Archaeology studies past and present cultures and cultural heritage preservation by unearthing, documenting, and analyzing material remains.


Archaeologists study material remains, or the things that a culture leaves behind after they have left or disappeared. Think of the items in your own home that may still be around in a few hundred or a few thousand years. Archaeologists find these kinds of items from past cultures, from weapons and tools, to bones from slaughtered animals and fossilized seeds and plants. They study each artifact in context, and use that information to determine things about the culture that left them behind. What kind of food did they eat? What kind of tools did they make, and how did they make them? What sort of structures did they build? What did their artwork and symbols mean? Archaeologists study the remains of cultures from millions of years ago to the recent past.

To learn more about careers in these other areas of anthropology, check out the careers page. Consult with a faculty member on elective and minor courses and experiences to help prepare.

Courses in Archaeology

  • ANTH 105: Archaeology & World Prehistory
  • ANTH 350: Method & Theory in Archaeology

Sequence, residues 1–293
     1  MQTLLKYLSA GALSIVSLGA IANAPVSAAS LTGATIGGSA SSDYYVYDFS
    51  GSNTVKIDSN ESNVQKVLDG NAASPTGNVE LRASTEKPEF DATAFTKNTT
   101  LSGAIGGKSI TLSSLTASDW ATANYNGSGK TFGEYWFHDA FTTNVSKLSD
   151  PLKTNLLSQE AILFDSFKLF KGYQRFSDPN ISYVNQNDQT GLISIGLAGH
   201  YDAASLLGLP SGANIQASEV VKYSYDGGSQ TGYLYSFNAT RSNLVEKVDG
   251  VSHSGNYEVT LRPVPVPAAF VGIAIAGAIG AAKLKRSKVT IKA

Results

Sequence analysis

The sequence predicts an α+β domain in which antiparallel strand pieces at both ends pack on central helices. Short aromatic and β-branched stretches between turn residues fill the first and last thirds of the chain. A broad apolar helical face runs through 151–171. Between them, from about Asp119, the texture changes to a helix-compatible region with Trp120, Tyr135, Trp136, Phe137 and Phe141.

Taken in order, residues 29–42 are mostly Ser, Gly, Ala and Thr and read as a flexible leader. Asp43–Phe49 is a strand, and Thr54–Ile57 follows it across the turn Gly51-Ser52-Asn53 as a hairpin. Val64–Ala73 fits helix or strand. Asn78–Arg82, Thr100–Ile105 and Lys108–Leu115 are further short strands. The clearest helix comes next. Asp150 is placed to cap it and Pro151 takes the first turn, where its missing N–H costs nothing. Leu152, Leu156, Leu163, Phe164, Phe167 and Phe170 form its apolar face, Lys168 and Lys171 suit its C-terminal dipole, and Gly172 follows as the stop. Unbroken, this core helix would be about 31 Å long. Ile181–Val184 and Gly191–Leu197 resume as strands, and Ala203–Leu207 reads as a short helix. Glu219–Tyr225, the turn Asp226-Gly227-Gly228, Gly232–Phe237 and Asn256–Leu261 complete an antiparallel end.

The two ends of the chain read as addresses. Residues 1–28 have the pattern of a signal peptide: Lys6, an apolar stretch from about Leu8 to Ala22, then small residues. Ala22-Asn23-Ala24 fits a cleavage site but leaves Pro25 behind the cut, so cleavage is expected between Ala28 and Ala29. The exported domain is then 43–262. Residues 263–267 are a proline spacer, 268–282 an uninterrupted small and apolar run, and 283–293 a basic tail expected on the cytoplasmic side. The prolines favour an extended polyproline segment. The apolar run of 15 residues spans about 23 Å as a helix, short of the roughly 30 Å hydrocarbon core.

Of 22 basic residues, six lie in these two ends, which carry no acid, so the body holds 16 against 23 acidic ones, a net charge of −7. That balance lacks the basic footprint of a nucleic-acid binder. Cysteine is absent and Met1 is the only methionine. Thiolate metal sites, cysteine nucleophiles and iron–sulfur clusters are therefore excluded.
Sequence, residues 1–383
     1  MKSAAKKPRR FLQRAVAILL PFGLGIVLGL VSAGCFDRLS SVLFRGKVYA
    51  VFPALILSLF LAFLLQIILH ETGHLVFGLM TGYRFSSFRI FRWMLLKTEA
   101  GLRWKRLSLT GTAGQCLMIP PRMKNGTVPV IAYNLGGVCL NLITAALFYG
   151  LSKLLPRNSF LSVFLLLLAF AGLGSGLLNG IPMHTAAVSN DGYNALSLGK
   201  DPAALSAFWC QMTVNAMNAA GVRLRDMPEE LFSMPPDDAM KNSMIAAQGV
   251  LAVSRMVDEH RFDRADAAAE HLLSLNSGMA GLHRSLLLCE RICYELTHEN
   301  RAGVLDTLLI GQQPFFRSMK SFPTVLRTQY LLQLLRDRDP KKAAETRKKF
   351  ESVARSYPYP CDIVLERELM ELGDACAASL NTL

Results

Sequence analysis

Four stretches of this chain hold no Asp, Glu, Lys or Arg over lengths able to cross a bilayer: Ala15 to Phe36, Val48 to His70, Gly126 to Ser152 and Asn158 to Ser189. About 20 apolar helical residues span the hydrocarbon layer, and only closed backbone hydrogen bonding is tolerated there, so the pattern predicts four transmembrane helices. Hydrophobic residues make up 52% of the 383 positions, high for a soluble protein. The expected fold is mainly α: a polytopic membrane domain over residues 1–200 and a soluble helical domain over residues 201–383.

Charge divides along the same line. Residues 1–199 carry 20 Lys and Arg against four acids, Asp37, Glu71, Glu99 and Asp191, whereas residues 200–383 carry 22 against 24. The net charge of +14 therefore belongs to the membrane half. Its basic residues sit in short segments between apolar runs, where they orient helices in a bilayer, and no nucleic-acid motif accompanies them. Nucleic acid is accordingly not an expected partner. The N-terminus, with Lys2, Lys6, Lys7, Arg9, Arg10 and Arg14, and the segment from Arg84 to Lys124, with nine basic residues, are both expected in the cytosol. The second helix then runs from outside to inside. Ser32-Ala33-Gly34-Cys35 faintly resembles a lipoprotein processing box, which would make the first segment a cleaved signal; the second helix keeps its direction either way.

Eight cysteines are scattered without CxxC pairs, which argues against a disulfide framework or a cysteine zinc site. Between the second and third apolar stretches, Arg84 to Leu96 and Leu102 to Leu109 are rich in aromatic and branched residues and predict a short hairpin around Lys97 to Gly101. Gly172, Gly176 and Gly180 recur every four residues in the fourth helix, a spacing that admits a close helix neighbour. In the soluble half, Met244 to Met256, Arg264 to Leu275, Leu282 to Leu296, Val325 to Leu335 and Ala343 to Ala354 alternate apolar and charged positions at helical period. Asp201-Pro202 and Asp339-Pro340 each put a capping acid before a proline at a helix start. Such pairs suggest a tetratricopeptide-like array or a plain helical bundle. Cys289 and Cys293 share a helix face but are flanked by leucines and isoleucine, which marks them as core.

• ANTH 351: Artifact Analysis
  • ANTH 352: Experimental Archaeology
  • ANTH 353: Archaeology of Warfare
  • ANTH 354/654: Cultural Resources Management
  • ANTH 357: Field Archaeology
  • ANTH 358: Archaeology Lab
  • ANTH 359: Special Topics in Archaeology
  • ANTH 394: Archaeology of North America Regions
  • ANTH 395: Mesoamerican Archaeology

Course Descriptions

Archaeology Lab & Simulated Archaeological (SIM) Site

In the archaeology research laboratory, students receive a wide range of training in materials, geospatial, and zooarchaeological analysis. Student can immerse themselves in on-going archaeological projects. Current topics include historical ecology and human impacts on marine and terrestrial ecosystems, zooarchaeological analysis of shell midden deposits, marine resource utilization, and historic archaeology and migration.

Belize Archaeology Field Program

The field school program involves survey, excavation at several Maya sites, and laboratory experience working directly with excavated Maya artifacts. Field techniques, lectures on Maya culture history and instruction concerning artifact analysis are provided during each session.

Cultural Resources Facility

The cultural resources facility (CRF) provides anthropology students with opportunities for research and learning in cultural resources management and heritage preservation. Students work with professional archaeologists, architectural historians, and other specialists, while receiving training project inventory, site mapping, excavation, historical research, identification and management of cultural resources, and navigating federal, state, and local historic preservation laws and regulations. 

Learn about Biological Anthropology at Humboldt